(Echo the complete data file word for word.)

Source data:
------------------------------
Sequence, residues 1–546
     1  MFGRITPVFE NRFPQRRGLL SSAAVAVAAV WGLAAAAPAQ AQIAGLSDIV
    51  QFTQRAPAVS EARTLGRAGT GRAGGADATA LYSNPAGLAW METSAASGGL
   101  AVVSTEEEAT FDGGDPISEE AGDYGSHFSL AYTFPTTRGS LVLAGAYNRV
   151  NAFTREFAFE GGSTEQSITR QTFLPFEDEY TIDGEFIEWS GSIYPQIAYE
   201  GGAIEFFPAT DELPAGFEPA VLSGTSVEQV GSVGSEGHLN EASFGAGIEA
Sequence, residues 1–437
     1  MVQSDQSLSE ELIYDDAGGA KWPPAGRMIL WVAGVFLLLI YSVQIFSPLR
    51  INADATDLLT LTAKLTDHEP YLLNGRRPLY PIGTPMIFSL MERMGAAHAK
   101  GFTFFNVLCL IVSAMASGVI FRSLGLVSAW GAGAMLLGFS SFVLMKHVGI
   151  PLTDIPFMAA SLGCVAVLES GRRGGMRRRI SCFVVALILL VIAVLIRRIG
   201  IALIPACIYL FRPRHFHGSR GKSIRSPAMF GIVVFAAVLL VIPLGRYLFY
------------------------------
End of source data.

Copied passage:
Sequence, residues 1–546
     1  MFGRITPVFE NRFPQRRGLL SSAAVAVAAV WGLAAAAPAQ AQIAGLSDIV
    51  QFTQRAPAVS EARTLGRAGT GRAGGADATA LYSNPAGLAW METSAASGGL
   101  AVVSTEEEAT FDGGDPISEE AGDYGSHFSL AYTFPTTRGS LVLAGAYNRV
   151  NAFTREFAFE GGSTEQSITR QTFLPFEDEY TIDGEFIEWS GSIYPQIAYE
   201  GGAIEFFPAT DELPAGFEPA VLSGTSVEQV GSVGSEGHLN EASFGAGIEA
Sequence, residues 1–437
     1  MVQSDQSLSE ELIYDDAGGA KWPPAGRMIL WVAGVFLLLI YSVQIFSPLR
    51  INADATDLLT LTAKLTDHEP YLLNGRRPLY PIGTPMIFSL MERMGAAHAK
   101  GFTFFNVLCL IVSAMASGVI FRSLGLVSAW GAGAMLLGFS SFVLMKHVGI
   151  PLTDIPFMAA SLGCVAVLES GRRGGMRRRI SCFVVALILL VIAVLIRRIG
   201  IALIPACIYL FRPRHFHGSR GKSIRSPAMF GIVVFAAVLL VIPLGRYLFY